What you should expect from a long bicycle journey
Bicycle touring for a sustained period of time is a…
After spending day 36 off the bike in St A taking care of online stuff, followed by stealth camping in the least subtle place so far (about 15 metres away from the main road), on day 37 there was a definite renewed motivation to get moving. West we go.
Day 37: St Augustine to near Hawthorne, FL (51 miles)
A shoddy nights kip just off the road in St Augustine, packing up was sloth-like, but eventually everything was in the bags.
The roads out of St Augustine are a dream for a cyclist, on a Sunday at least. Cycle lanes, whoulda’ thought it? And quiet, well maintained roads. So far, Florida is definitely leading in the cycle lane and hassle-free roads league table. It was fairly easy through Palatka, then Interlachen – the GPS showing the longest single road navigation so far – 126 miles.
Because of a liberal start in the morning, it became dark around Palatka so on came the lights. On quiet roads, night riding can be a blast. Depending on where you are, it can be a bit spooky, but not so on this ride. Until Hawthorne that is.
After a good half-hour of hunting for a place to put up the tent, I actually cycled past a campground, by chance. Gated and fenced, I called the buzzer at the main entrance, to be greeted by an aggressive sounding chap, who could say nothing other than “WHO YA KNOW?!” and “WHAT YA WANT?!”. Well to camp, please sir. At the campground that you own. After an unsuccessful attempt I moved on, across the street and found a sandy, wooded area near the local church. The morning after:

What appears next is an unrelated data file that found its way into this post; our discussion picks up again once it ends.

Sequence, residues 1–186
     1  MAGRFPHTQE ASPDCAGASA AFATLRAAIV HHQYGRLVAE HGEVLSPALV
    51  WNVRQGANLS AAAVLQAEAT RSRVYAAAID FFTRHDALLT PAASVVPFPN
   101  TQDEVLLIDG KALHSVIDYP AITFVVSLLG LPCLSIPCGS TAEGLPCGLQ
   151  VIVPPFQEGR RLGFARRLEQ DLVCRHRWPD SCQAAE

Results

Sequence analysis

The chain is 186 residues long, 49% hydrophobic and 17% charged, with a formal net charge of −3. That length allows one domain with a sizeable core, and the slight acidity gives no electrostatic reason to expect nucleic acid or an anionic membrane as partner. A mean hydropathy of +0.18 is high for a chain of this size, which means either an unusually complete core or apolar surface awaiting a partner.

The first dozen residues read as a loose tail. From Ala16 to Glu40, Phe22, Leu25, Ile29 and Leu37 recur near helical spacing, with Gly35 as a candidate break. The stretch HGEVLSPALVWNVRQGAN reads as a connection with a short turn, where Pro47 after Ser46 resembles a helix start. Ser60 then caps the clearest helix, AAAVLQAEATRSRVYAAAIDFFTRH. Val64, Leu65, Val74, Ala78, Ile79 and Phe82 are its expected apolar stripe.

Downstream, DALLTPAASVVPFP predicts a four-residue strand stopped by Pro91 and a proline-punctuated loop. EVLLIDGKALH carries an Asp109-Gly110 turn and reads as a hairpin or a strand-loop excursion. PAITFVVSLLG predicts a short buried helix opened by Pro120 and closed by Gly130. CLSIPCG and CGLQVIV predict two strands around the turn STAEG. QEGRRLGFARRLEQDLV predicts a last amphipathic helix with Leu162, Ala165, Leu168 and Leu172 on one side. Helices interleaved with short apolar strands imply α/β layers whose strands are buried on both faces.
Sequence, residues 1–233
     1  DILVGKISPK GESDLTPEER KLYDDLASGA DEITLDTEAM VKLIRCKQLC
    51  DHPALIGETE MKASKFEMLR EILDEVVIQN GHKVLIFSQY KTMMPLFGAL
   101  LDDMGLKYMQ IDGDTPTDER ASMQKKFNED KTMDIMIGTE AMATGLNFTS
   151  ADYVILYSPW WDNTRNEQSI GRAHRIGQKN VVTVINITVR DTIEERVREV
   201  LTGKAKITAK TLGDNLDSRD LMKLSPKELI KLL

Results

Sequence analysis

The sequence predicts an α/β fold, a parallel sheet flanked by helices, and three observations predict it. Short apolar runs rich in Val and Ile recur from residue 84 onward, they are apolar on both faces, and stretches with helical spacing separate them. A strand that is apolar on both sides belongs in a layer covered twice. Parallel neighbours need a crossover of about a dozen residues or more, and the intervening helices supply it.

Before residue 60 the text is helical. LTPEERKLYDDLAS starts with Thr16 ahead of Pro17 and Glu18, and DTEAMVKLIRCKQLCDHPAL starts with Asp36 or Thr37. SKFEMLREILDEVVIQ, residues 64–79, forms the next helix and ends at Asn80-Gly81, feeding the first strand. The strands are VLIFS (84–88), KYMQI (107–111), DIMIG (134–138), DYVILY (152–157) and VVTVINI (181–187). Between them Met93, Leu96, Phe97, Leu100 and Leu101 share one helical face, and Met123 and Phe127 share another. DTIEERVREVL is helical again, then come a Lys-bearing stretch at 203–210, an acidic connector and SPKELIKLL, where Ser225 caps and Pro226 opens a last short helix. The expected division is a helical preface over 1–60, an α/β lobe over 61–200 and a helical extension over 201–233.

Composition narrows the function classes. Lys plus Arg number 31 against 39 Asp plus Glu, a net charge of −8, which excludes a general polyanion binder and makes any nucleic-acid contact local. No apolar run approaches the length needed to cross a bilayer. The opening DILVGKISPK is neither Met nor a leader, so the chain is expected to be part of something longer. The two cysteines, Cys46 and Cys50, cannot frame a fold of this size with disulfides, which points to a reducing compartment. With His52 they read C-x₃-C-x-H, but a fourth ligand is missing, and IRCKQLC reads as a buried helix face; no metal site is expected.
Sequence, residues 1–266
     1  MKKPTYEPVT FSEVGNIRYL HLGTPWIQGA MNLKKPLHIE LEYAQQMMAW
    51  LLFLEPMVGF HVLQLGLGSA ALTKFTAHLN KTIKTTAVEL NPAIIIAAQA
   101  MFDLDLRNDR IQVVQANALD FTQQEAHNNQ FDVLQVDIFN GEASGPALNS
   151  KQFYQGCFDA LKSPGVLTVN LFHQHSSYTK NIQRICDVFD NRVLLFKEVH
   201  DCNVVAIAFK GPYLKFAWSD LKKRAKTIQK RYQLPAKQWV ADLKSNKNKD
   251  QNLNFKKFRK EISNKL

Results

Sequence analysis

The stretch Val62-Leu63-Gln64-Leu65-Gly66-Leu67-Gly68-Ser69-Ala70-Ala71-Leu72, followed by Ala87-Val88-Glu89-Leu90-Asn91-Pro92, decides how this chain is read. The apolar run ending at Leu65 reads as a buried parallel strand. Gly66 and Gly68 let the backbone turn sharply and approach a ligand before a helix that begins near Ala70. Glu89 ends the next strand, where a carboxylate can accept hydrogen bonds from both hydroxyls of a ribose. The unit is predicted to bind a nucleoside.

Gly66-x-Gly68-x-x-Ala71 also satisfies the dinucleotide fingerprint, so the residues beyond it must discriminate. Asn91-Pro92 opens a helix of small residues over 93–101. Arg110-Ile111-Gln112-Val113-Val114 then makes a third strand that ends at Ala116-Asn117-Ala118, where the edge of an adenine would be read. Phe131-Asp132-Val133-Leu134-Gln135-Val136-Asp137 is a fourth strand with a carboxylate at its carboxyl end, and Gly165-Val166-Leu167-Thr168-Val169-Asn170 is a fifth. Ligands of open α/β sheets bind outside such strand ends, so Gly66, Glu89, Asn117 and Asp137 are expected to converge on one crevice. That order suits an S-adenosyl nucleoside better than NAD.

Day 38: Hawthorne to Gainesville, FL (26 miles)
Another shoddy sleep. Consecutive rubbish sleeps have caught up. In the morning, drained would be an appropriate word. Groggy, another. I woke and just wasn’t into it – weak, lethargic, and not in any way keen. Jog on, Carpe diem.
On the bike, I usually carry two water bottles on the frame (with 2 more water-carriers available in the pannier bags which are kept empty until the more remote areas). Yesterday I must have left one of the main water bottles somewhere, or perhaps it fell out. Either way I woke up and didn’t have any water left, or food. So still half-asleep I set off and stopped at the first place that sold a source of sustenance. It didn’t come for about 18 miles on the outskirts of Gainesville. It was a frustrating morning, slowly pedalling away on long roads that stretched into the distance, hoping for something over the horizon, to then be greeted by more of the same.
Oh, and headwinds. The arch nemesis of cyclists everywhere. They haven’t been a problem for the first month at all, and today they’ve been consistent all day. Guess that’s what happens with a shift of the direction. It’s slow progress, noticeably. I’m going to see how the next couple of days go and then perhaps send a bunch of stuff on to a maildrop to reduce some of the weight in the bags in preparation for the slogs.
I called it a day fairly early in Gainesville, having never really perked up since the morning. But this is the struggle. I signed up for the struggle, for the groggy days. The struggle is one of the best parts, retrospectively of course. So, embrace and crack on. Looking to do a sustained consecutive period of 50+ mile days for a while just to see a bit of Westward progress so we’ll see how it goes tomorrow. Onwards and into the wind!